1. Pre-qualify incoming leads. As leads are coming in, it is important to ensure they are actually a fit. There are multiple ways this can be done, ranging from quick web searches on the company to more in-depth changes to your marketing practices. For example, if a lead comes in through a web form, you can be strategic with the questions asked, helping to weed out those that are simply conducting research, are smaller than your targeted profile, etc. If a lead comes in as a result of a tradeshow, you can require them to fill out a quick onsite survey (note, as an incentive, you can use this as a necessary step to qualify for your booth giveaway). Or, if a lead comes in through web chat or phone calls, you can have important qualification questions prepared in advance. Having marketing perform these simple steps to qualify leads will drastically help reduce the amount of dead-end leads passed to sales and ensure the sales professionals stay motivated to follow up with the leads that are sent on.
2. Nurture leads that are qualified, but not sales ready. Just because a lead isn’t sales ready when first received, doesn’t mean it couldn’t lead to a sale down the road.
So, what should be done with these leads? Just because they are not sales ready, does not mean they should simply be placed in a marketing database with other potential prospects to just “sit there.” Instead, these leads should be treated with care and entered into strategic nurturing campaigns that will help keep your organization top of mind and enable you to continue a longer term relationship with them. When they have taken additional steps to show they are ready to be passed to sales, marketing can send them on with confidence.
3. Only pass leads to sales that meet your company’s definition of “sales ready.” In order to ensure marketing’s hard earned leads are being followed up with in a timely manner, it is important to eliminate as many dead-end leads as possible before passing on to sales. This will not only keep sales excited about incoming leads, it will ensure they continue to value the hard work that marketing puts into generating these leads and ensure sales continues to support ongoing marketing programs.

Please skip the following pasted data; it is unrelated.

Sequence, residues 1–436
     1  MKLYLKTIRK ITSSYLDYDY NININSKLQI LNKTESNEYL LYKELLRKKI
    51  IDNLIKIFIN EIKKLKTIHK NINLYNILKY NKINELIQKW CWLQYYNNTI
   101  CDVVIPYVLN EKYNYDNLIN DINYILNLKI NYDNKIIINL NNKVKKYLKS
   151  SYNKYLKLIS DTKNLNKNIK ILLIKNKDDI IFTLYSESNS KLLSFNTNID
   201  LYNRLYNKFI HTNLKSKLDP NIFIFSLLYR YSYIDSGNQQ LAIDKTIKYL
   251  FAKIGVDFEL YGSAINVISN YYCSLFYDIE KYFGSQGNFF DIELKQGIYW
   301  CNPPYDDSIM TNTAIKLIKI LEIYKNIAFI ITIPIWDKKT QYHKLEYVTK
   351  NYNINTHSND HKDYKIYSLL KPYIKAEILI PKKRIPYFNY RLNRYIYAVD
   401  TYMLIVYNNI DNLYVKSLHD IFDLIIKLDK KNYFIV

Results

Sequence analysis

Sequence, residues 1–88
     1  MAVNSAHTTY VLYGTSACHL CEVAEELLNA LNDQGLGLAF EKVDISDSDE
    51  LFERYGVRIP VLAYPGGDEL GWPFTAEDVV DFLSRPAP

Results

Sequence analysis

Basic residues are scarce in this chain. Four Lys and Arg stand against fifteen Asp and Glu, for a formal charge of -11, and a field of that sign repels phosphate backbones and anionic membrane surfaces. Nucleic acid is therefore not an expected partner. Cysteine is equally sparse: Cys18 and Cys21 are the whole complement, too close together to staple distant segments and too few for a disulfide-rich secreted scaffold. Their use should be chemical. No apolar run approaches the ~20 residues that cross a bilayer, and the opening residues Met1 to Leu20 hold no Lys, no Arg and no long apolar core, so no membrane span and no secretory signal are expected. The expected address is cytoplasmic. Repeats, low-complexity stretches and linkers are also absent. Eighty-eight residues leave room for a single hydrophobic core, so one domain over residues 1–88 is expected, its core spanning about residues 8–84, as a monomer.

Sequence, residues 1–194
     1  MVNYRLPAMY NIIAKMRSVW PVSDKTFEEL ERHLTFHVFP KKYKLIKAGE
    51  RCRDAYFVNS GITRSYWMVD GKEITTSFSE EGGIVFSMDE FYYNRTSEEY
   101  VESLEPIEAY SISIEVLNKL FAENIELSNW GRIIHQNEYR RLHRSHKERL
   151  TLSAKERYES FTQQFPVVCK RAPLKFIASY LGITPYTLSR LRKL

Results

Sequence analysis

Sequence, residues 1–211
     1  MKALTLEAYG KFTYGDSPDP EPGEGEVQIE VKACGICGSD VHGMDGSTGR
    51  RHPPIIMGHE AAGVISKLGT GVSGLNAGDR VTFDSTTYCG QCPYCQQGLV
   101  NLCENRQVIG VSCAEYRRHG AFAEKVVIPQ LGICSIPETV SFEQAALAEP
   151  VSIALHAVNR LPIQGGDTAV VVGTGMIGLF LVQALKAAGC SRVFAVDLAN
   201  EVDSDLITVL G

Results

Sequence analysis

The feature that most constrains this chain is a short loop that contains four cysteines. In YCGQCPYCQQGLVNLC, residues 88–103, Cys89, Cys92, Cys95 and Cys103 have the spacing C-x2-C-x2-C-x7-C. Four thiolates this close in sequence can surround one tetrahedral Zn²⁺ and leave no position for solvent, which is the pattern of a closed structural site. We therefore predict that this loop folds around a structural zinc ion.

Call on Sales, Only When Needed
When it comes to lead generation, it is not the quantity of leads that sales professionals care about, it is quality. And, the higher the quality leads you pass on, consistently, the more likely sales professionals will be to drop everything to follow up.
On the flip side, the more bad leads you let slip through, the less likely they will be to “come running.” Following the steps outlined in this article can eliminate leads being overlooked and ensure those sales ready leads get the immediate attention they deserve.
Contact Launch Marketing
Need help on increasing alignment between sales and marketing around leads? Or want to implement an effective lead nurturing program or marketing automation solution? Contact Launch Marketing today to learn how we’ve helped our clients achieve great results.
Graphic Source: https://justpenandink.wordpress.com/2013/01/14/youre-never-supposed-to/